Ralston Purina Co.

  • Type of business: Pet Foods
  • Acquisition price: $10.3 billion
  • Date of purchase: December 12, 2001

Nestlé Purina PetCare was founded as the Robinson-Danforth Commission Co. in 1894 and later became known as Ralston Purina. Under Nestlé, the business has dramatically expanded its global sales and is now called Nestlé Purina PetCare, with popular brands such as Friskies, Pro Plan, and Felix. In 2019, Nestlé's PetCare segment represented 15% of the company's total sales. Ralston Purina fit well with the company's aggressive growth strategy, while also expanding its base beyond its traditional focus on food and beverages for consumers.

Atrium Innovations Inc.

  • Type of business: Vitamins and Supplements
  • Acquisition price: $2.3 Billion
  • Date of purchase: December 5, 2017

Atrium Innovations is a maker of vitamins and nutritional supplements. It started as a subsidiary of a Canadian biotech company before being spun off in 2006. It was acquired by an investment consortium led by private equity firm Permira Funds. As consumers grew more health-conscious, Nestlé moved toward healthier brands and purchased Atrium. The deal boosts Nestlé's participation in the vitamin and supplement market and serves a dual purpose: it expands Nestlé's overall business and helps it to market itself as a healthier company.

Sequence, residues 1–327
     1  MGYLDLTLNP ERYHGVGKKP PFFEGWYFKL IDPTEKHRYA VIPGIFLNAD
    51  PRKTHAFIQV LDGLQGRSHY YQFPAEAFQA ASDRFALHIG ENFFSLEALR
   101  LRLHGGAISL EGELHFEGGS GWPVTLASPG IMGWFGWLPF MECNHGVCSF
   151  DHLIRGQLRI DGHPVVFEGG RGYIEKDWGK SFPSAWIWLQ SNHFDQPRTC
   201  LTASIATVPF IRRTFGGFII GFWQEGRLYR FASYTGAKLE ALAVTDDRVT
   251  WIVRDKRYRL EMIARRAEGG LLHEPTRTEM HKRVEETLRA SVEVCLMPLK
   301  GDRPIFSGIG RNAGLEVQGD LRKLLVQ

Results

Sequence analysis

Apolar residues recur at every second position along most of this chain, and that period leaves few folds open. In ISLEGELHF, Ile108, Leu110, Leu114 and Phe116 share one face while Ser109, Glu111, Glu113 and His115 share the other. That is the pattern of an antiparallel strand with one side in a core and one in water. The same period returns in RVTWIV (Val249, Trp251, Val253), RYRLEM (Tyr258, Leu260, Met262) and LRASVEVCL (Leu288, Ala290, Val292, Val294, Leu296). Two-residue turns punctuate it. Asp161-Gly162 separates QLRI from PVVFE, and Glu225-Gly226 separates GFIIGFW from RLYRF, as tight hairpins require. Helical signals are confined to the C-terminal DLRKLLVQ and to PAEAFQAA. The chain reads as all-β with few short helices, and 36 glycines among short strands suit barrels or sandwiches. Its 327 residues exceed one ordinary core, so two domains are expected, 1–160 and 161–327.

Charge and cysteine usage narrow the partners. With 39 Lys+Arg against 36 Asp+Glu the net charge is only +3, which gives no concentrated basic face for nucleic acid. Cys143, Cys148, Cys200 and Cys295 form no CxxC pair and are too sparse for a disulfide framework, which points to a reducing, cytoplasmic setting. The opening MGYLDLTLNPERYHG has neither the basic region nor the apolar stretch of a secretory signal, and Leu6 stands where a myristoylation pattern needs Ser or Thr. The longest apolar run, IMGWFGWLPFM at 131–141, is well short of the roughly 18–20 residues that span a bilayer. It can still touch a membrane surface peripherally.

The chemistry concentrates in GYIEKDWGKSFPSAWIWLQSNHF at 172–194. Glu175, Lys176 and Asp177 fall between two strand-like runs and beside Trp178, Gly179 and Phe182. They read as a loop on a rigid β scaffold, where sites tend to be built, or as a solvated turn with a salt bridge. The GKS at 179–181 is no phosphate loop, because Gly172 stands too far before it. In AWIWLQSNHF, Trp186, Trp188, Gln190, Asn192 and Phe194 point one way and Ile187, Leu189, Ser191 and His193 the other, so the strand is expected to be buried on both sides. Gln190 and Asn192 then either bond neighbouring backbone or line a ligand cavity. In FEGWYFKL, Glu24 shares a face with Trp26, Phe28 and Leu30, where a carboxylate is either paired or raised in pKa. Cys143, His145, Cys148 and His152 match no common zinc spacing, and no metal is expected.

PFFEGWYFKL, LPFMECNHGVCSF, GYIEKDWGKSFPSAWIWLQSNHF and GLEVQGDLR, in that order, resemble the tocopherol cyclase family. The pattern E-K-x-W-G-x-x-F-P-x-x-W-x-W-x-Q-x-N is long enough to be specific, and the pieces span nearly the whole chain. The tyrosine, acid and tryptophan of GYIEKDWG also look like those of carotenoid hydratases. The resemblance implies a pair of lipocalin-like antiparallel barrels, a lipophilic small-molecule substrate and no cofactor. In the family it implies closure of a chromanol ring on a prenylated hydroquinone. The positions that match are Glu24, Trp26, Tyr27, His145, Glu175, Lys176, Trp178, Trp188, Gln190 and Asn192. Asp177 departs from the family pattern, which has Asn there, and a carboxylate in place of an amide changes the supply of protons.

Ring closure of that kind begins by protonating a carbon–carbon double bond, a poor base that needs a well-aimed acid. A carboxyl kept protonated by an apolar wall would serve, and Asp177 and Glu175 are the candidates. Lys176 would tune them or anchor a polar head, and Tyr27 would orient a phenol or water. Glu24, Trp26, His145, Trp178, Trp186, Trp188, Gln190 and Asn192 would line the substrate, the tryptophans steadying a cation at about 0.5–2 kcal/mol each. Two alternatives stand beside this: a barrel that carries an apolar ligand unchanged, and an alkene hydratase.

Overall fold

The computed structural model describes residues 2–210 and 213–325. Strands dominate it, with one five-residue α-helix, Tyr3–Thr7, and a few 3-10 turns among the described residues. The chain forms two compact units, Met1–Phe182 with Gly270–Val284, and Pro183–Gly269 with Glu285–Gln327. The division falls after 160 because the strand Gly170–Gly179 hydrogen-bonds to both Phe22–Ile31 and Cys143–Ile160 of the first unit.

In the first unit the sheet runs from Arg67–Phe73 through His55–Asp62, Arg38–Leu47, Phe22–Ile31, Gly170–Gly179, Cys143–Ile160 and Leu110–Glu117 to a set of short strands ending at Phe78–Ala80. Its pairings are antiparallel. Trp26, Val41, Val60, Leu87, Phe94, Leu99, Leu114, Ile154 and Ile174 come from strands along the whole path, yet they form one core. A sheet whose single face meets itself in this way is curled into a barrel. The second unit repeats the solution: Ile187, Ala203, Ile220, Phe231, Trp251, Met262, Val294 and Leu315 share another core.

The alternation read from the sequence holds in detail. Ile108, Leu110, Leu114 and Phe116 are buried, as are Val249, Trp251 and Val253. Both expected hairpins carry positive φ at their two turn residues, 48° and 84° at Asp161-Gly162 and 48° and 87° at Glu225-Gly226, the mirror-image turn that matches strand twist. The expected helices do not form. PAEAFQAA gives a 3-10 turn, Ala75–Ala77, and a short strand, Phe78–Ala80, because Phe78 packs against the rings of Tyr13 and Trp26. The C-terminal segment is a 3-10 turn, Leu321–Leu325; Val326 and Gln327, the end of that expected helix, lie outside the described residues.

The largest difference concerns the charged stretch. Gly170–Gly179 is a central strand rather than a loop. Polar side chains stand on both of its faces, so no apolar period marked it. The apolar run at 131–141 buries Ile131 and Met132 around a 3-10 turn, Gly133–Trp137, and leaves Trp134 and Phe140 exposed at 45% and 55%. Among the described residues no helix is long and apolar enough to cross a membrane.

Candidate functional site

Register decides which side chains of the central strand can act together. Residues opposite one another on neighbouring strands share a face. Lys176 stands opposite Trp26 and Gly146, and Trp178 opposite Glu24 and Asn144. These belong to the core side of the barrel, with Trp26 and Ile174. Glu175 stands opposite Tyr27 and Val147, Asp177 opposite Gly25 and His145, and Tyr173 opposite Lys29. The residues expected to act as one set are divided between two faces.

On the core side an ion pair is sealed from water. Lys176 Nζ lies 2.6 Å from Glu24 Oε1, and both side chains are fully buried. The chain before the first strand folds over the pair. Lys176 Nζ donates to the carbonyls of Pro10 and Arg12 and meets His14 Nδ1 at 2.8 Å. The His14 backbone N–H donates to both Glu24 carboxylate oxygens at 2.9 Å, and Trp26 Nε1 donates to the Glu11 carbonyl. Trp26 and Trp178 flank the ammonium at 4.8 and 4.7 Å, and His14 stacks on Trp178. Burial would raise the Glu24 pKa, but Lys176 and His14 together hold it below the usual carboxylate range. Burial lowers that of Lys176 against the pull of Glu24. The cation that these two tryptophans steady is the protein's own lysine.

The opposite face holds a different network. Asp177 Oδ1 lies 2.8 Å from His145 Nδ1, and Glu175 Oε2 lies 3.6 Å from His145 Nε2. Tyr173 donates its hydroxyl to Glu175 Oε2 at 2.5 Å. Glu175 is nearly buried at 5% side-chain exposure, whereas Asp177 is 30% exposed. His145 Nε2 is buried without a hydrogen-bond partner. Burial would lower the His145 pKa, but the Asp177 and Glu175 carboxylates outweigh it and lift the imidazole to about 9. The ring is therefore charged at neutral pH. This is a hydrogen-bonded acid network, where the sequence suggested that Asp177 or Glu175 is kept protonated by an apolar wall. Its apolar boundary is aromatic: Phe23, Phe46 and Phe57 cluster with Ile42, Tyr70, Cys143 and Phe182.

• Type of business: Frozen Foods
  • Acquisition price: $105 million
  • Date of purchase: 1973

Stouffer's was founded in 1922 and went on to build a national chain of restaurants over the next several decades. A key development for the company occurred in 1954, when Stouffer's began to create frozen meals for sale. Today, Stouffer's is best known for its line of frozen food products. Nestlé purchased Stouffer's in 1973 from Litton Industries Inc., a defense contractor that had expanded to offer retail products including microwave ovens. At the time of the acquisition, frozen meals were popular with consumers and Stouffer's was a major brand. Stouffer's, one of Nestlé's earlier deals, provided a template for future forays into healthier foods. In 1981, Stouffer's launched its successful Lean Cuisine line of low-calorie frozen entrées.

Nestlé Diversity & Inclusiveness Transparency

As part of our effort to improve the awareness of the importance of diversity in companies, we have highlighted the transparency of Nestlé's commitment to diversity, inclusiveness, and social responsibility. The below chart illustrates how Nestlé reports the diversity of its management and workforce. This shows if Nestlé discloses data about the diversity of its board of directors, C-Suite, general management, and employees overall, across a variety of markers. We have indicated that transparency with a ✔.

Nestlé Diversity & Inclusiveness Reporting
  Race Gender Ability Veteran Status Sexual Orientation
Board of Directors          
General Management